The New York Yankees’ bullpen isn’t what it used to be one or two seasons ago. When Tommy Kahnle was healthy and Adam Ottavino was effective, there were five or six guys that the manager could trust at virtually any situation as recently as 2019. Now, only Aroldis Chapman, Chad Green and Zack Britton are in the so-called circle of trust.
That has forced Aaron Boone to take some risks in spots in which, well, he needs to get out of jams. For example, on Tuesday’s Game Two against Tampa, which the Rays ended up winning 7-5, Jonathan Loáisiga was trusted in a tough spot.
In the fifth inning and the Yankees down 5-4, he relieved Adam Ottavino with one out and men on base, but subsequently allowed one inherited runner to score after Kevin Kiermaier laced a hard-hit single to center field.
One inning later, Loáisiga allowed a home run to Austin Meadows, who hit the ball to dead center and gave the Rays a two-run cushion.
The Yankees didn’t lose solely because of Loáisiga, but the inherited run he conceded and the solo homer he gave up represented the two-run difference with which the game ended. In the playoffs, each run counts. That’s why stopping the bleeding or putting a halt to a budding rally is so important.
At that point, if you don’t want to use Britton, Chapman or Green until later in the game — which is debatable, but understandable — Jonathan Holder or even Luis Cessa appear to be better options. They are used to the reliever role and to coming into the game with men on base, and they have been getting the job done in 2020.
What does the data say?
In 2020, Loáisiga hasn’t been bad by any means, at least before the calendar flipped to October. In the regular season, he had a 3.52 ERA, a 4.41 FIP and a 4.14 xFIP in 12 games (three starts) and 23.0 frames. However, the playoffs have been a totally different story: in two frames, he has a 9.00 ERA, a 13.19 FIP and a 8.62 xFIP with a 4.50 K/9 and a 9.00 BB/9.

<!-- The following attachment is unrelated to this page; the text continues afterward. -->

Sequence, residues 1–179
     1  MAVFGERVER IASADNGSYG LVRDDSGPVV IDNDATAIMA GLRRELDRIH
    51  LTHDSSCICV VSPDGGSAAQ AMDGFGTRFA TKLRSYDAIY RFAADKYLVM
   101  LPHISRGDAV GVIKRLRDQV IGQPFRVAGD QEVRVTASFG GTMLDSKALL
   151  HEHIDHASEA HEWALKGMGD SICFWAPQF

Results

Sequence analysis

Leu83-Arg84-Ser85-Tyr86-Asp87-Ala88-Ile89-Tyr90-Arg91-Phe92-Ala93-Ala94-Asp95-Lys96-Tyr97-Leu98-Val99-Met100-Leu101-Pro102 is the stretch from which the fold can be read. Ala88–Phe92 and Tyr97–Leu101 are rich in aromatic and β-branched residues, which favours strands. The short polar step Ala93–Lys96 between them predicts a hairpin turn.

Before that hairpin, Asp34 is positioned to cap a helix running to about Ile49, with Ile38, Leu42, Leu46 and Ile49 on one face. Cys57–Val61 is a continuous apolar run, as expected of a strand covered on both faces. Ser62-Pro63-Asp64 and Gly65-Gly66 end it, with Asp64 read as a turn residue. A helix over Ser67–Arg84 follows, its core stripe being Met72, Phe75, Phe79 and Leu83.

In the regular season, Loáisiga has pitched 37.1 innings in low-leverage situations, 34.0 in medium-leverage and only eight in high-leverage spots according to FanGraphs. In those eight frames, he has held hitters to a .167/.313/.292 line with a .261 wOBA, which is more than fine, but it’s not a lot to work with when evaluating his performance.
Loáisiga’s low/high leverage situation splits represent too small of a sample to take anything away from them, and given how he’s fared in the 2020 postseason, it makes sense to demote the hard-throwing righty to a mop-up role.
While it’s not ideal to have pitchers that can only come up in lopsided results, it isn’t an inherently worthless role either. A mop-up hurler still has the responsibility of getting outs. Just not critical, game-on-the-balance outs.
If a game is, for example, 10-2, and the manager calls a mop-up guy from the bullpen, he is tasked with the responsibility of getting the outs needed for the skipper not to overuse other pitchers that are required to be fresh for certain situations. A team is a unit in which everybody’s actions have consequences.
At this point, given his spotty command (in the Kiermaier single, he missed his spot by several inches) and lack of a sustained track record of success, it makes sense for Boone to send Jonathan Loáisiga to a lower leverage role.